Forced Labour to Secure Employment

Survivor’s Background:

A family man with 2 young daughters, T worked as a labourer and driver back home in Hungary. 2013 brought unemployment. Struggling to provide for his family, T responded to an online job advert offering well paid work in the UK with flights and accommodation arranged for him. He arrived in the UK August 2013 but found himself with other men sleeping on the floor of an overcrowded and unhygienic house. The men were picked up in vans each morning and taken to work in factories every day for up to 20 hours per day, whilst being paid only around £10 per week. Intimidated and threatened with violence by the traffickers, T ran away with a friend and approached police. With help from national charity Hope for Justice, they were moved to a safe house in Birmingham where they were able to stay for a few weeks before moving into a shared house.

T’s wife and daughters joined him in the UK at the start of 2014 through fear of the traffickers finding them in Hungary. Meanwhile T assisted the police with their investigation and was an important witness in the trial against his trafficker, who in early 2014 was sentenced to 5 years in prison. Despite having leave to remain there were delays with T receiving benefits of any kind and the family were initially denied Local Authority housing. They found themselves in a temporary hostel and struggling to find school places for the 2 girls. When T was referred to Jericho he had begun to receive housing and was in the process of appealing the council’s housing decision. However, his confidence was low, English was basic and he was struggling to provide for even the food needs of his family solely on Job Seekers Allowance.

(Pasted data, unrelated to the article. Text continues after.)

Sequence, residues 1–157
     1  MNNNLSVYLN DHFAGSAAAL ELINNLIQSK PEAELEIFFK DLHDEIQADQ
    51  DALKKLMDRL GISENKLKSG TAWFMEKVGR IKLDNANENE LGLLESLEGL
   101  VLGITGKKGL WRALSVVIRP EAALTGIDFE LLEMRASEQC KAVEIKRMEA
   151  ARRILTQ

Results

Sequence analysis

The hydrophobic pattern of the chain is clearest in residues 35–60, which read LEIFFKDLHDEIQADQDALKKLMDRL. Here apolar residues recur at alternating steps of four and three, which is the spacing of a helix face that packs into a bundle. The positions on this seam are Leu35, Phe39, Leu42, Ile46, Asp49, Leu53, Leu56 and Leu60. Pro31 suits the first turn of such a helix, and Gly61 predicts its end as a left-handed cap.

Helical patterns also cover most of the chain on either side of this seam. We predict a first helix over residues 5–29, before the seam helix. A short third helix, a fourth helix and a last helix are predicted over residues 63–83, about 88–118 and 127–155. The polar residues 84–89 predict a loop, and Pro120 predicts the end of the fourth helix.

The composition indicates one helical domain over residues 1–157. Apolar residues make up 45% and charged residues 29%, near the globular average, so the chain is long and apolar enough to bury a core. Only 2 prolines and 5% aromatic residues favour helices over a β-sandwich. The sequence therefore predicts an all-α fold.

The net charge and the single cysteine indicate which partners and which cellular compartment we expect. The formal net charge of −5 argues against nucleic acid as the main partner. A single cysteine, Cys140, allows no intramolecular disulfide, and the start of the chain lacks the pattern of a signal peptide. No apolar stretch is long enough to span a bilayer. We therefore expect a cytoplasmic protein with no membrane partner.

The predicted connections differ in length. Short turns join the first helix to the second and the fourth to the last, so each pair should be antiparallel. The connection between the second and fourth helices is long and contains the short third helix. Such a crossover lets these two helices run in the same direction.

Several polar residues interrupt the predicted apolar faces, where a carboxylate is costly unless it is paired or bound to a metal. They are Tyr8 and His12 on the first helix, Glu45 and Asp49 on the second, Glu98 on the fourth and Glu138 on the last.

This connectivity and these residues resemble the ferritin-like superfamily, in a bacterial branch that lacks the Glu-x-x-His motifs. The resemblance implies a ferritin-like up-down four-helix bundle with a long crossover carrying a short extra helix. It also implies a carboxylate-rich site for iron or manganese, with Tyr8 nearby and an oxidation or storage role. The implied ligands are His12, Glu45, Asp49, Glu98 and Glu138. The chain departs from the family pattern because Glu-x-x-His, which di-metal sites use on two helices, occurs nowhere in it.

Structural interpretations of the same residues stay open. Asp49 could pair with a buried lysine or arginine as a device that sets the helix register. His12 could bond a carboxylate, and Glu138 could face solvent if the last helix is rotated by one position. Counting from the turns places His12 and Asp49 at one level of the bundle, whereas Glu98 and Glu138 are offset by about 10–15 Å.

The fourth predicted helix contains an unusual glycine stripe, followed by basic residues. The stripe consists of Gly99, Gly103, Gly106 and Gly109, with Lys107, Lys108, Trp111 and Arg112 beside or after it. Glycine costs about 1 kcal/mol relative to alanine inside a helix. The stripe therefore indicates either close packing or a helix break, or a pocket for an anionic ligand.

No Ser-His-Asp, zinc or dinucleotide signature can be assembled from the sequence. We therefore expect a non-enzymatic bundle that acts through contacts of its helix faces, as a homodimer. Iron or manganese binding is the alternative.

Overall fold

T met with Client Support at Jericho to discuss the possibility of volunteering to gain some UK experience and to develop his English, complementing an ESOL course he had begun.  A placement was arranged within Jericho Construction in June 2014, volunteering as a Labourer.

He was referred to a local food bank to help meet his family’s immediate needs and was included in a meal out arranged for a number of volunteers to develop confidence and to offer the opportunity to speak English in a social environment.

At work, T impressed the Construction manager with his punctuality, dependability and enthusiasm. He worked incredibly hard, always willing to undertake any task asked of him and his confidence developed further as he built up good working relationships with his colleagues, supervisors and manager. After just a few weeks, Jericho were able to offer temporary full time paid work.

From a starting point of forced labour T progressed to leave Jericho to move into longer term paid work, as well as completing his ESOL course.

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